With a rude awakening in August this year, World Wide Fund for Nature (WWF) revealed it was behind a controversial campaign called “Ivory Lane” to drive awareness of the ivory trade in Singapore. Done in a rather hush, hush manner, the campaign aimed to bring light to the fact the elephant ivory trade is still an issue, despite several non-governmental organisations (NGOs) calling for a total ban.
Only a handful of media were alerted (and made to sign non-disclosure agreements), and even corresponding offices of WWF were kept in the dark, said Kim Stengert (pictured), chief of strategic communication. Asked by audience members at Marketing’s PR conference how he ensured secrecy from the media, he said: “The media were excited about the idea and only too happy to keep it a secret to get the scoop.”
Explaining the campaign further, he said that since demands by NGOs had from time to time fallen on deaf ears, WWF Singapore decided it would be more effective if consumers were the ones deeming ivory trade to be socially unacceptable and demanding change.
The campaign was deemed a total success as it picked up traction online within six days and sparked heated public debate on wildlife trade on social media. While the initial campaign was set to run for a month, it made headlines thrice in two weeks and it was later revealed that WWF was behind the campaign.
“This campaign was very successful and nine out of 10 people congratulated us on the campaign post-reveal and that was awesome. We talk about things that people don’t want to,” he said.
How PR is structured at WWF
Stengert added that today, about 90% of WWF’s campaigns are done in-house with a budget of approximately SG$12,000, which is the amount WWF usually works with. With a background in digital marketing, Stengert has restructured his team by doing away with titles such as “PR specialist” or a specific individual who is in charge of digital or social.
Instead, he splits the tasks into two groups – one group is responsible for creating content, the other is in charge of distributing the content on all channels.
He said it took the team six months to get used to their new roles, with the content creation team working closely with WWF’s conservation team to figure out the types of issues to address. Meanwhile, the distribution team analyses ways to effectively put across messages that “no one wants to hear” to the widest possible audience groups.
Having worked at WWF for nearly five years, Stengert said one of his major takeaways from running such campaigns is that “communications can increase conversion rates by three times and cut ad spend by more than half”. This is done by going back to the basics – appealing to human emotion.
“We are a science-based organisation. If we just talk about statistics, no one will care. We have to drive people’s emotions and only then can we increase the conversion rate of our leads by three times,” he said.
Stengert decided to switch things up by changing the KPIs of his team and focusing on core topics relevant to WWF – wildlife trade, deforestation and sustainable seafood.
“If I get two calls from a journalist on haze and it’s not the haze season and neither is there deforestation going on, I know my team’s work is very relevant,” he said. He added that while some might find such a KPI “soft”, it did help him and his team rethink how to do PR.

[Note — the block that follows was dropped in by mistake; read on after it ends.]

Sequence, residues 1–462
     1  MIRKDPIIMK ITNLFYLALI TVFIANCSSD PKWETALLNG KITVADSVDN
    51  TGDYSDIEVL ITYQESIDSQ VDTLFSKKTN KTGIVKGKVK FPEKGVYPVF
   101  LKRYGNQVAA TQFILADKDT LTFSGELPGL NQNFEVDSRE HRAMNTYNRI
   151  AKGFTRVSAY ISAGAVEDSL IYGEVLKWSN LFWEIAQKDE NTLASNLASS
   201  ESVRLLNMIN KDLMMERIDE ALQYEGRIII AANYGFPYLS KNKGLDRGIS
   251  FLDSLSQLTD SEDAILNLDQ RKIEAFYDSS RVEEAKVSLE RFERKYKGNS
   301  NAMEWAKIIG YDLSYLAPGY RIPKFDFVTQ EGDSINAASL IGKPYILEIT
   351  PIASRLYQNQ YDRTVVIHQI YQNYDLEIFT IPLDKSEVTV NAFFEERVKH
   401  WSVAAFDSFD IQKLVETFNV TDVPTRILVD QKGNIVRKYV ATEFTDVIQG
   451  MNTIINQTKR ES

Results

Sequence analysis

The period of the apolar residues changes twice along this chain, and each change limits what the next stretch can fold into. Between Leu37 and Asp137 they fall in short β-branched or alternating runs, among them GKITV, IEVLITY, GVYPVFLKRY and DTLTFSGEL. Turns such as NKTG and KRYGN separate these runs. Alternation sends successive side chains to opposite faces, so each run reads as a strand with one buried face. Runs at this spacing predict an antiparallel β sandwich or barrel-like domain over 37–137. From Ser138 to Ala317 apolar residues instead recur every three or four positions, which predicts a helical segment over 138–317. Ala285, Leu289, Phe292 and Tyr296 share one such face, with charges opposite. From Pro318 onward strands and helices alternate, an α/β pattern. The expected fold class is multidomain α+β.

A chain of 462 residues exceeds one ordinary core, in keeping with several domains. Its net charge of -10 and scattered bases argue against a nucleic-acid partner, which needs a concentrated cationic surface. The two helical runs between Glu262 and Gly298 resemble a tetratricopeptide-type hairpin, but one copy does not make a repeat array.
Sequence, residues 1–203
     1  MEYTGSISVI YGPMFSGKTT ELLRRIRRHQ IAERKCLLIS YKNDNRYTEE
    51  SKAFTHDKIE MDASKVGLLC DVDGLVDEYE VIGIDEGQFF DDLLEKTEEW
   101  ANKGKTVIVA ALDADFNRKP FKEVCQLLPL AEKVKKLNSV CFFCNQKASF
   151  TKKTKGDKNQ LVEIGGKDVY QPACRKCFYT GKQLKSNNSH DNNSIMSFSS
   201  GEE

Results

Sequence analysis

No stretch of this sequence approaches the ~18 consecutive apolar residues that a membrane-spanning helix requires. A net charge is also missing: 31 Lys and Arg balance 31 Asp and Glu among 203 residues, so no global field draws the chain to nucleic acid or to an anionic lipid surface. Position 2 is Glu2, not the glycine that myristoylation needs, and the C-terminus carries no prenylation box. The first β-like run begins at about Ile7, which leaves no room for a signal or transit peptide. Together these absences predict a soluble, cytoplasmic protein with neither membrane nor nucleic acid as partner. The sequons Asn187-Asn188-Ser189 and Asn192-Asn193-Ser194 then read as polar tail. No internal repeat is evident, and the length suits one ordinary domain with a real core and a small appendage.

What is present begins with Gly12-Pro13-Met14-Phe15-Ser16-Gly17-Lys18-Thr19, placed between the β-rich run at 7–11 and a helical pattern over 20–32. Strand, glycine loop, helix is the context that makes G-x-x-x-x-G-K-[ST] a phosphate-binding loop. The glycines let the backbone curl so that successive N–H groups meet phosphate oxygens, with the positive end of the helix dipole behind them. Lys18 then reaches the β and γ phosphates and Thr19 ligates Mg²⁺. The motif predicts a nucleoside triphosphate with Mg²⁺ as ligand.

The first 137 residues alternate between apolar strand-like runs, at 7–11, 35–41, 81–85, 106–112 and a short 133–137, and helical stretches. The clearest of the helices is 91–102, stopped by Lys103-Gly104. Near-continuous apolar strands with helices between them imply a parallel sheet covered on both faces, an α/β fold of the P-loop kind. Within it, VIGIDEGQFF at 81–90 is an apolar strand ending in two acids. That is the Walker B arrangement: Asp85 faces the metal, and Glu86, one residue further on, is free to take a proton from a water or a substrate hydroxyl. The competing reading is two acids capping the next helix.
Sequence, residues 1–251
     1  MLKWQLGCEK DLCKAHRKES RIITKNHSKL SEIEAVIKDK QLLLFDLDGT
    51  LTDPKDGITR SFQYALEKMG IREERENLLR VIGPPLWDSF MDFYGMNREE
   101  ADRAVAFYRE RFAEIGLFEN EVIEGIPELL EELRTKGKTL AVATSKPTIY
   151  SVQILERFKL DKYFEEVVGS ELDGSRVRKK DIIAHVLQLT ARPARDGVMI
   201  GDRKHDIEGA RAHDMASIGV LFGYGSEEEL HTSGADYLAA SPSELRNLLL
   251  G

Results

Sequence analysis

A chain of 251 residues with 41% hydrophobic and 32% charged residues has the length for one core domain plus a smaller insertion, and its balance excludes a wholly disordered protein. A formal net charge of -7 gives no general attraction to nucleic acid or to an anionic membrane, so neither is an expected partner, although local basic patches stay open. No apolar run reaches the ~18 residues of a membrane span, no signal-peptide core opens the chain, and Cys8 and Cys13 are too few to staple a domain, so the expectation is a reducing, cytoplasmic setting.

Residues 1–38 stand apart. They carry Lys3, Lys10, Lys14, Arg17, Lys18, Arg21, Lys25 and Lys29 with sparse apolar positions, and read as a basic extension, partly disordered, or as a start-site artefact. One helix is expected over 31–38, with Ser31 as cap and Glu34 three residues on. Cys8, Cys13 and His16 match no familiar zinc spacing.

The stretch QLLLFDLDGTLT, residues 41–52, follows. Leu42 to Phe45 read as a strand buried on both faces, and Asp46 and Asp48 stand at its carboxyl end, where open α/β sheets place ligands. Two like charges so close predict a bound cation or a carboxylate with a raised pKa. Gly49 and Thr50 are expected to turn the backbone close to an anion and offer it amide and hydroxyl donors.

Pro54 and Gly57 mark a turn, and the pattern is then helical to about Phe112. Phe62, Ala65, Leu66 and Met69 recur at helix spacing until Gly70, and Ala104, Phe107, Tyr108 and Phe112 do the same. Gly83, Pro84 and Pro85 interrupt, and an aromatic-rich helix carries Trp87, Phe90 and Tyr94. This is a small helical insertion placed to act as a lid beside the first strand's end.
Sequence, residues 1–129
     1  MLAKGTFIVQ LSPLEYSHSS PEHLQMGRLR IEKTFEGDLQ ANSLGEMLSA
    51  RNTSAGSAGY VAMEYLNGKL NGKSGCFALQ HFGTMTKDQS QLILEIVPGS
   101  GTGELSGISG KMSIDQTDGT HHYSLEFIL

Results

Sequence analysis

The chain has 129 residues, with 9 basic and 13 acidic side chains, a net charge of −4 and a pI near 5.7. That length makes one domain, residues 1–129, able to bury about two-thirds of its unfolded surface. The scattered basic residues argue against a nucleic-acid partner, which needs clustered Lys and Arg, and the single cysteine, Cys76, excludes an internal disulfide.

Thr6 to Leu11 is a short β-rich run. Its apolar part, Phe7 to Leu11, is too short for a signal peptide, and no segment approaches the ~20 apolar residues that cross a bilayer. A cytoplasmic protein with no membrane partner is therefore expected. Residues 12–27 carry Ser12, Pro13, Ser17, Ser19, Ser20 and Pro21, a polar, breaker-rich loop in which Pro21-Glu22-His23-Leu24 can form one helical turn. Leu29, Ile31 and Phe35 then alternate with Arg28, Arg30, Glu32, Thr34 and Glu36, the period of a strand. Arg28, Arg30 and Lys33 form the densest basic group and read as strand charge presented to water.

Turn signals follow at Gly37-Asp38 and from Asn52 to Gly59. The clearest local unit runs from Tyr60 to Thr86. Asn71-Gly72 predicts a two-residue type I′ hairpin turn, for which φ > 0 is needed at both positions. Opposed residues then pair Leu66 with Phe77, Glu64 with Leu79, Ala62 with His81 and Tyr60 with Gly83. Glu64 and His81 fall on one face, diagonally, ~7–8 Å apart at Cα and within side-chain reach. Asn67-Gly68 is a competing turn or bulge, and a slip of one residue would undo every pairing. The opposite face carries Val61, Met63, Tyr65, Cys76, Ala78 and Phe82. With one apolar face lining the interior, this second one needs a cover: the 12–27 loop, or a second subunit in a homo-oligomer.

Changing its communication strategy
For a long time, Stengert says, WWF did “one-off” campaigns such as launching one story or a video to educate consumers. However, those did not gain traction and WWF decided to move away from that strategy by planning out a one-year campaign.
“We build it in waves, peaks and milestones. We will be really loud and we are trying to build communities that will follow [the campaigns],” he said.
In addition to creating emotional campaigns, he said it was also important to rethink an organisation’s communication style.
For him, it was a “revelation” to understand personas. While some in the PR industry are still crafting their emails beginning with “To whom it may concern”, Stengert said WWF decided to take a personal approach. It places an individual at the heart and centre of every campaign, tasking that individual to document the campaigns from behind the scenes to social media.
“We want people to understand the people behind the brand. We write very personal emails, we engage and sometimes we surprise,” he said.
Going back to the example of Ivory Lane, he said the campaign, in particular, had more engagement on messaging apps such as WhatsApp, which are harder to measure compared with other channels.
“It’s another reason why I don’t bang on about analytics or metrics too much anymore,” he said.
While WWF was unable to accurately predict if campaigns such as Ivory Lane would resonate with Singaporeans, it carried out omnibus research to test the potential relevance of the campaign and obtain market insights. Social listening is also another important aspect the team monitors very closely and Stengert encourages his team to reply and engage with the public as quickly as possible, especially when they come across negative comments.
“We have social listening tools that we use, a lot of which we get on a pro bono basis because we can’t afford them,” Stengert said, adding that WWF’s campaigns are able to succeed because he has a dedicated team behind them and plenty of partners which support WWF on a pro bono basis.